There are many among the college basketball self-proclaimed intelligentsia who downgrade Gonzaga’s West Coast Conference competition. A simple argument made by simple minds, disproved by just watching games such as the Bulldogs’ 89-73 victory at the University of San Francisco’s War Memorial gym.
A filled-to-the-rafters ancient facility. Senior Night. Most whistles going the home team’s way, especially early. And a highly motivated, well-drilled physical opponent bent on controlling the tempo – and making contact.
None of it derailed the nation’s No. 1 team. Nor did it escape the notice of the ESPN2 broadcast crew, consisting of neighborhood resident Dave Flemming on the play-by-play, Bay Area native Sean Farnham with the analysis and Molly McGrath, whose mother was once a USF cheerleader, on the sidelines.
What they saw …
Farnham had a recipe for the Dons (22-8 overall, 9-5 WCC) to get a win. Though the list of ingredients kept growing.
“For San Francisco to pull off the upset, they are going to have to knock down their perimeter shot,” Farnham said after the Dons’ first 3-pointer. “They love the 3-point shot.”
He then added the element of ball security and the Dons’ stars “have to step up and show out.”
USF was 11 of 22 from beyond the arc. It had just 11 turnovers. But senior guards Jamaree Bouyea and Khalil Shabazz combined for just 31 points. That total paled in comparison to what Chet Holmgren (21 points, 15 rebounds and six blocks) and Drew Timme (20 points, nine rebounds and eight assists) did for the Zags (24-2, 17-0).
What we saw …
• Rick O’Neill is part of college basketball officiating royalty, as dad Tom Sr. was a fixture on Big Ten games (and worked numerous NCAA Tournament games) for years. And Rick’s brothers Tom Jr. and Michael are also Division I officials. The second-generation trio actually worked a game together a few years ago, becoming the first brothers to do such.
But O’Neill certainly wasn’t part of a kingly crew Thursday night. There were numerous examples of the jester-like quality of their work in the first half.
With 5 minutes, 11 seconds left in the first half, Julian Strawther flew out at the Dons’ Gabe Stefanini, who had faked a 3-point attempt from the right wing.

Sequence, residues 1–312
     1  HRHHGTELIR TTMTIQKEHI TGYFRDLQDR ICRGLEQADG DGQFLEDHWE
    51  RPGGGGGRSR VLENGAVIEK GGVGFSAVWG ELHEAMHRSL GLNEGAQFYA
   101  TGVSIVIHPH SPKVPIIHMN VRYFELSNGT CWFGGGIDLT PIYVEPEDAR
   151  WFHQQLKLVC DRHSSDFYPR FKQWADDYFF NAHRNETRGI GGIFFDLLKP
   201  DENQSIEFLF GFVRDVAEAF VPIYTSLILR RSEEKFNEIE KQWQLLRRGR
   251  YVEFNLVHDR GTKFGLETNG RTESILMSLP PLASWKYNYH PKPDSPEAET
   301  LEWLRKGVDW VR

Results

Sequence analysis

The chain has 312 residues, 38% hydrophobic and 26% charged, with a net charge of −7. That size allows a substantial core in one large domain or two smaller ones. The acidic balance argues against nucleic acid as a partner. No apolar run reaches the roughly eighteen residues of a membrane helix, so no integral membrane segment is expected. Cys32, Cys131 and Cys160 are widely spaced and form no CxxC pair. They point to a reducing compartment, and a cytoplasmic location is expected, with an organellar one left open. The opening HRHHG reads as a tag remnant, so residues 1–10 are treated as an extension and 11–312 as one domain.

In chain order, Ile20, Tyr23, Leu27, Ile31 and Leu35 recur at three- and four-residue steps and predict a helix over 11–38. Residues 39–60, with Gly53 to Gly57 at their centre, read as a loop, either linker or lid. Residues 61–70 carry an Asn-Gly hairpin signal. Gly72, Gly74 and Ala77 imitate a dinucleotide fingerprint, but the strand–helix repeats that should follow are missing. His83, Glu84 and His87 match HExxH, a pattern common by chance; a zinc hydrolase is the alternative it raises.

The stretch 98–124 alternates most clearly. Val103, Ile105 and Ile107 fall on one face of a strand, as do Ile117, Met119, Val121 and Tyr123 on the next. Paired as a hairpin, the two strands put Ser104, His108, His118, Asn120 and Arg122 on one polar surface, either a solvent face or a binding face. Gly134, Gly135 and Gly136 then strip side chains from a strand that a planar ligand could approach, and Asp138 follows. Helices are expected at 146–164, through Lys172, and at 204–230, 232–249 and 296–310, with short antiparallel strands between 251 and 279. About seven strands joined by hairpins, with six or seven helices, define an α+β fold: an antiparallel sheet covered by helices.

Strawther did what most players are taught, jumping to the shooter’s off-hand, flying through the air to harass but to minimize the chance at contact. Except Stefanini, after faking, dribbled left, right under the already-in-the-air Strawther.
The 6-foot-7 sophomore’s leg contacted Stefanini’s shoulder, causing Strawther to completely flip and land on his back. Kevin Brill called him for a foul, even though he didn’t invade Stefanini’s space in any way. In fact, it was Stefanini whose actions caused the contact.
Strawther left the court immediately, covered his head in a towel and sat with a trainer. He returned a couple of minutes later.
“That is a dangerous fall,” Farnham said.
“Part of might just be he was spooked a little bit there,” Flemming noticed. “He may need a minute just to kind of gather himself.”
Right after Strawther returned, Timme took a short shot and was obviously fouled by Bouyea. Twice on the other end, he motioned to Randy McCall about the ignored elbow tap. So what did McCall do? He called a touch foul on Timme.
And when Timme was fouled by Yauhen Massalski on another short shot a couple of minutes later, McCall let it go. Point made. Many points, actually.
USF had an 11-1 edge on free-throw attempts in the first half.
• The physical play continued in the second half, reaching a crescendo with 4:32 left when Andrew Nembhard was trapped at halfcourt. Trying to wrest free of Shabazz’s grab, Nembhard’s high elbow clipped Shabazz’s nose, leading to the senior guard collapsing on the floor and bleeding profusely.
No foul was called originally. But a flagrant was after a replay review, though the Dons, who were within 11 at one point in the final minutes, missed both free throws.
Despite USF fouling late, the Dons still shot four more free throws overall.
• We may have found some aspect of basketball in which Farnham isn’t an expert, if you include mustache styles as a part of basketball. When it comes to Timme, we probably can all agree it is.
Farnham used the term “handlebars” in describing Timme’s latest mustache style prior to the game. That is incorrect, even if Timme might use it as well. The traditional term of the look Timme was sporting might be considered culturally insensitive, but it isn’t a handlebar.
• Former Washington State center Volodymyr Markovetskyy made a short second-half appearance. That allowed Farnham and Flemming to talk about his family, which is still in war-ravaged Ukraine.
Markovetskyy told Farnham he didn’t sleep much the night before the game, worried about what was happening at home.